Updated: Oct 30, 2020
The impact of the coronavirus emergency has had a significant impact on the lives of those county residents, who, in many ways, haven’t even experienced a direct connection to the dangers of the disease.
Coping with the challenges that come with increased isolation created by staying home more often is real. Being bombarded with bad news from the media, which might be one of your few connections to the greater community. doesn’t help either.
Frank and Kathy Alansky of Edgewater are just one couple who think their worlds have gotten more difficult since March. Both were running their Pomeranian, Daisy and Sophie, at Quiet Waters Dog Park in Annapolis on Sunday July 9.
“Thank God for dogs!” Frank said. The 70-something retiree is a former director of marking for A&P Foods.
Kathy said, even though the couple doesn’t know anyone personally who has contracted COVID-19 or even been laid off because of it, the state of emergency has had a negative impact on them.
They have both become somewhat depressed, she said, Frank perhaps more then herself.
“I have low depression, “ she said. “His depression is worse than mine. You’re used to living one way and then boom! All the sudden everything changes. You feel like you’re locked up.”
She said she went back to work at Dollar Tree because she likes the people. Alansky had taken off from work there early in the emergency because of virus fear. Frank has emphysema and she doesn’t want to bring the virus home to him.
But she eventually decided doing a five hour shift twice a week there was the right decision for her. She finds the work fun.
“I missed it,” she said. “Life goes on.”
Kathy finds herself continuing to adjust to the changing times each new day. She said she does generally what she did before, but with more caution.
“Every time you go out the door you're thinking, ‘Oh, I got to do six -foot distance and, ‘Do I need my mask?’ she said. “Just everything's changed.”
She seemed most concerned about the impact the coronavirus emergency was having on the school year of young students. Her granddaughter will be directly impacted by the choices made by school administrators this fall semester,
“She’s in Southern (High School) her second year and she’s missing all of her high school,” Kathy Alansky said. “Last year she said ‘Gosh I just started high school and I didn’t get to do it.’ I feel bad for her because high school is something that you really remember. She said the internet learning was terrible last year. Maybe it’ll improve. I don’t know.”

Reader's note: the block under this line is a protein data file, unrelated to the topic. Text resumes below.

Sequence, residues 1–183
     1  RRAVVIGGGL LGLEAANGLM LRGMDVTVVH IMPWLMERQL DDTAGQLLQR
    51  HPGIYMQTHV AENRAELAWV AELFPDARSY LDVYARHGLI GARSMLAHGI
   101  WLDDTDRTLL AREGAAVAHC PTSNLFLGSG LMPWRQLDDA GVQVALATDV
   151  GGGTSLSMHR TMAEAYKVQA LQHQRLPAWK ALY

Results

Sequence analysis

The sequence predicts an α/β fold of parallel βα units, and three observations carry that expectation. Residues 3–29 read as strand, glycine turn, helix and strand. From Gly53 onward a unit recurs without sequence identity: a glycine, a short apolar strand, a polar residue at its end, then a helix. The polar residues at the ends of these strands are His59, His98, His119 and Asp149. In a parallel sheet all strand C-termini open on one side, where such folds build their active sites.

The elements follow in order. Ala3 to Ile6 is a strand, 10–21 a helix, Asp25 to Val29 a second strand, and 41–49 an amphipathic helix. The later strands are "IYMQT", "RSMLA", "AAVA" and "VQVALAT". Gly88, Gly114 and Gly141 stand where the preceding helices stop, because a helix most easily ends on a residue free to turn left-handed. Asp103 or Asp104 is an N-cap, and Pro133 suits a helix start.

Kathy said she’s hoping if a vaccine is found her granddaughter might be able to go to school in person in January.
Carl Hornig was also at the park with his dog Denny. Hornig is a semi-retired engineer. Like Kathy, he was most concerned about area young area students this school year. His own life has slowed down a bit, but he believed school-age children would be affected the most.
“To me the real tragedy is the children not going back in school,” he said. “That’s my biggest concern.”
Kathy Alansky felt neither the federal or local governments had done enough to address the public needs created by the emergency. The one exception was Governor Hogan. Frank and Kathy thought he had done a good job so far. She hopes Hogan will eventually run for president.
Hornig expressed some concern about the upcoming November election, especially with mail-in voting. He thought citizens should be required to show up at a poll with their ID to vote.
“I’m just not big on this mail-in stuff,” he said. “There’s too many opportunities for fraud.”
As their dogs roamed through the park together under a hot sun, Carl, Frank and Cathy social distanced and chatted. Their pets were oblivious to the problems of the day. The animals explored, played, and periodically ran back to the community water bowl to get a drink.
Kathy Alamski sees the the animals as part of her solution to the troubles each new day seems to bring lately.
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